Commentary with writer/director Dick Maas and editor Hans van Dongen – This exclusive English language commentary isn’t exactly brimming with energy and there are some long silent stretches (Maas seems to have a cold), but the actual content is strong and informative, thanks to the moderation efforts of David Gregory (who I don’t recall introducing himself). Their discussion covers production/budget difficulties, inspirations, technical challenges, and the state of Dutch filmmaking in the early ‘80s.
Going Up (9:09, HD) – Star Huub Stapel, still cruising through the canals of Amsterdam from his Amsterdamned Blu-ray interview, remembers making The Lift, his feature acting debut, and creating some of the film’s budget-level special effects.
Long Distance (4:13, HD) – In this short film by Maas, a man attempts to call home after a particularly bad car accident.
Dutch and U.S. trailers
Poster, storyboard, and still gallery
Amsterdamned was not completely unavailable stateside in the pre-digital era – there was a VHS release from Vestron in 1989 (whose cover art tried very hard to make it look like an action flick and not a horror movie). However, it was never available on North American DVD. Prospective fans would have to import PAL discs from German (Studio Canal and Eurovideo), Holland (Dice DVD), or the UK (Nouveaux Pictures and Shameless Entertainment). Blue Underground’s Combo Pack represents the film’s first official DVD release in this region and the first Blu-ray release anywhere. Its mere availability is exciting enough, but the company upped the ante by using a brand-new 2K scan of the original film negative for their restored, 2.35:1, 1080p transfer. The first pressing & release was a bit over compressed, so the company issued a replacement (BLU-BD-7072-V2). The results of that second pressing are quite impressive and squeeze loads of detail from the material without messing with the natural grain structure. Elemental separation is tight, but this doesn’t lead to many ‘steppy’ gradations or edge enhancement effects. The restoration process makes the common mistake of pushing blacks a bit too far and creating some crushy shadows. The issue is most obvious during the overbaked daylight sequences, rather than spooky night shots, where, fortunately, important details are still clear (except in some of the killer’s purposefully smeared and wet P.O.V. shots). The colour grading is also more ‘modern’ than I assume the filmmakers originally intended. While the slight orange & tealing is kind of obnoxious (again, mostly in daylight – the cooled night scenes fit the tone perfectly), hue qualities do remain consistent and vibrant. All in all, this is a fantastic effort – one of the studio’s best, in fact.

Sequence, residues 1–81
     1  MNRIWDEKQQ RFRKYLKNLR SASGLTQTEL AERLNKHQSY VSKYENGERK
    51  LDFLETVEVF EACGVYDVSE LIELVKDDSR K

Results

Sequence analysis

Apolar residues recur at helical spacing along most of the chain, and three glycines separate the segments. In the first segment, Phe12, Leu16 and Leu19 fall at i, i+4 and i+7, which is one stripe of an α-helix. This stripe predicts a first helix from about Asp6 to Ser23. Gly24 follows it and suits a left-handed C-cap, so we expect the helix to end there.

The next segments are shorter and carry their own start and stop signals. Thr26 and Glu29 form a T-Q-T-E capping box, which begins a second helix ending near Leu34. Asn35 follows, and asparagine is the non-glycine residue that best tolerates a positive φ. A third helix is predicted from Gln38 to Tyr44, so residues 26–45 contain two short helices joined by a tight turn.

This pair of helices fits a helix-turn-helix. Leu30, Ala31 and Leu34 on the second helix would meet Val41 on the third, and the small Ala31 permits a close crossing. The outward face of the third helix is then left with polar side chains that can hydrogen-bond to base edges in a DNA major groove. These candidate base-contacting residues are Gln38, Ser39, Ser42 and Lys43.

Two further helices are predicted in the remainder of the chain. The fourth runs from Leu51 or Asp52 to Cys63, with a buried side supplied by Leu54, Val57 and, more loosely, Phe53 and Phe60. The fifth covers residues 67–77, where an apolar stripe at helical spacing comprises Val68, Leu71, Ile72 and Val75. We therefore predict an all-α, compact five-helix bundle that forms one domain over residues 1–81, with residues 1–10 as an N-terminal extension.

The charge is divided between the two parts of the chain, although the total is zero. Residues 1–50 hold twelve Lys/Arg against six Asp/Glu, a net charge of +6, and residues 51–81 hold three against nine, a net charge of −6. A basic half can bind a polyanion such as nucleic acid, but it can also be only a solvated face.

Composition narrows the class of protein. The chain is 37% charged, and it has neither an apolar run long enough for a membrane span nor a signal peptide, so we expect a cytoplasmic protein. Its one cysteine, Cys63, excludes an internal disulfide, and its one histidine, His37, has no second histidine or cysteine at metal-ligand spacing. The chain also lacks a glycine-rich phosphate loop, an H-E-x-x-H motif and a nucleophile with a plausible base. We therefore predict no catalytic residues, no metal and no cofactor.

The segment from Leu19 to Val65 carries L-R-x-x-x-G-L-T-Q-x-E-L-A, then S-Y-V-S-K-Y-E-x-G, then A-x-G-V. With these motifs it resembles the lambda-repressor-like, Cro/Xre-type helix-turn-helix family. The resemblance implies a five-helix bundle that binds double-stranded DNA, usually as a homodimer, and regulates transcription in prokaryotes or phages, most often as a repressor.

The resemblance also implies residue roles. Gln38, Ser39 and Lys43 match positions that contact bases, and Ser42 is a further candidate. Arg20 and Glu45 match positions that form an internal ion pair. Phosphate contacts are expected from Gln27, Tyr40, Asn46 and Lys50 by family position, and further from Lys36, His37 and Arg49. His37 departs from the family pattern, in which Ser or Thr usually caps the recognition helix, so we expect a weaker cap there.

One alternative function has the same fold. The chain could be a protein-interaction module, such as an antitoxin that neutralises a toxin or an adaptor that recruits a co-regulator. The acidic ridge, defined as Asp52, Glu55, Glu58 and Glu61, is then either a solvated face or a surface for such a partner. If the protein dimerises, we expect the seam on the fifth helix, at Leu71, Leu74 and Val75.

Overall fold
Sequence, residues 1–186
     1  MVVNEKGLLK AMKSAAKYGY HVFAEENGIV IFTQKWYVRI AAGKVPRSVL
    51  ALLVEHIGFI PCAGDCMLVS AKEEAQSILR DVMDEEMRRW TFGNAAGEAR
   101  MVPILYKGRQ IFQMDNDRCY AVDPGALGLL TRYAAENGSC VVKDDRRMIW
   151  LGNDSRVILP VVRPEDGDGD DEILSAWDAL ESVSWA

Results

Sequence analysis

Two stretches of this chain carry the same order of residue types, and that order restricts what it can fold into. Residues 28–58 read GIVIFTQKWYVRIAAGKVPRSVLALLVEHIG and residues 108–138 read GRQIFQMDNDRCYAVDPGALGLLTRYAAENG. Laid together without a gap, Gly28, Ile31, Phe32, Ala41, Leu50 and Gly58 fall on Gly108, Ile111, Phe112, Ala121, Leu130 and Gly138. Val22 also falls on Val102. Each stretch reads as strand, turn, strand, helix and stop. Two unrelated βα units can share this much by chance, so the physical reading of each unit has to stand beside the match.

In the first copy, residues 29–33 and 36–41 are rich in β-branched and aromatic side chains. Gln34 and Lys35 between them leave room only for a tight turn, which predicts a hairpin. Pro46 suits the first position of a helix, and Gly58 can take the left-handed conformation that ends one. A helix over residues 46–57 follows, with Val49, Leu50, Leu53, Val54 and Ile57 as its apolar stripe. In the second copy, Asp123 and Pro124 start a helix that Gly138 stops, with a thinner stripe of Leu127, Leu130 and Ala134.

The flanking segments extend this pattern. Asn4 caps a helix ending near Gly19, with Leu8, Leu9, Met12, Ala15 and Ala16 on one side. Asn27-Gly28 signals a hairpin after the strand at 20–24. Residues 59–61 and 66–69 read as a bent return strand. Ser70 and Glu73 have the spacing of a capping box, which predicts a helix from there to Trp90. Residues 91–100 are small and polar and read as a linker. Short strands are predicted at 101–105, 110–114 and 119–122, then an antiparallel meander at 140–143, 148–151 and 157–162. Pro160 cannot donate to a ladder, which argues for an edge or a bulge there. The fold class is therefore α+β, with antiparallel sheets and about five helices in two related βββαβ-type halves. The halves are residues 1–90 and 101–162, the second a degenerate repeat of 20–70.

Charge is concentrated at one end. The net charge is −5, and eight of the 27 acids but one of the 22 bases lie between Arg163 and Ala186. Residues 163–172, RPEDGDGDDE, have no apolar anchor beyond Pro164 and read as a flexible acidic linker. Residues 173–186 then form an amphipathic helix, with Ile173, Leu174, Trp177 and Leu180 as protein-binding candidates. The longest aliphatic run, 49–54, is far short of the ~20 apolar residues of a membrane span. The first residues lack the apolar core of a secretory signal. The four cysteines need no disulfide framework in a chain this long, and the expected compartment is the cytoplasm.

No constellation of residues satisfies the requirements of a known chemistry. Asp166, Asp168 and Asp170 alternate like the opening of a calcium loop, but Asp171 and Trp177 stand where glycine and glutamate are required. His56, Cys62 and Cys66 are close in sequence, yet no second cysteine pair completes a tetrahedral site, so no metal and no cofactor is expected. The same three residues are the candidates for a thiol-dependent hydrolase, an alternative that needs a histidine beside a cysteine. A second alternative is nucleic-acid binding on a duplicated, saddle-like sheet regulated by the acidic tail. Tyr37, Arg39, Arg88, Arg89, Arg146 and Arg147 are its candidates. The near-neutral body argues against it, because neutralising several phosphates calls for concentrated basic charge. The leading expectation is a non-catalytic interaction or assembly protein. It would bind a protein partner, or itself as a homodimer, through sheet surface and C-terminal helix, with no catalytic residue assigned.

Amsterdamned is presented in its original Dutch in 2.0 stereo and a new 5.1 remix. Blue Underground also included the English dub in 2.0 and all tracks are uncompressed DTS-HD Master Audio. The remix is respectable of the original stereo, offering only slight, natural-sounding directional enhancements (both effects and vocals) and better-centered dialogue/incidental effects tracks. The English dub was recorded specifically for Vestron’s VHS release. A number of cast members dubbed themselves, so the tone and inflections are ‘accurate,’ even if the lip sync is not. The bigger issue is that the English dialogue was mixed at inconsistent levels. The bouncy vocal volume is especially noticeable, because the music and effects tracks are nearly identical to their stereo Dutch counterpart. Maas composed the dramatic, sometimes downright danceable synthesizer score himself. It sounds rich on all three tracks and gets a decent bass boost from the 5.1 remix.
Commentary with director Dick Maas and editor Hans van Dongen – Blue Underground’s own David Gregory moderates this new director and editor commentary. Discussion largely surrounds the technical aspects of filmmaking, audience reactions, and Hollywood influences (Maas jokes that “all of his movies” are based on Jaws).
The Making of Amsterdamned (36:15, HD) – This vintage featurette/press kit is made-up of scenes from the film (although taken from the new transfer and added by BU), raw behind-the-scenes footage recorded during the prep and filming of the boat chase, a look at the construction of the sewer sets, and cast & crew interviews.
Tales from the Canal (8:38) – Lead actor Huub Stapel revisits the canal locations and talks about his character, working with Maas, and permanently injuring himself during the boat chase sequence.
Damned Stuntwork (18:12) – In the final new interview, stunt coordinator Dickey Beer discusses his larger career, designing stunts, and the logistics of shooting on-location in Amsterdam.
Loïs Lane "Amsterdamned" music video, directed by Dick Maas (3:29, SD)
Poster, video art, lobby card, and promotional still gallery
Dutch and American trailers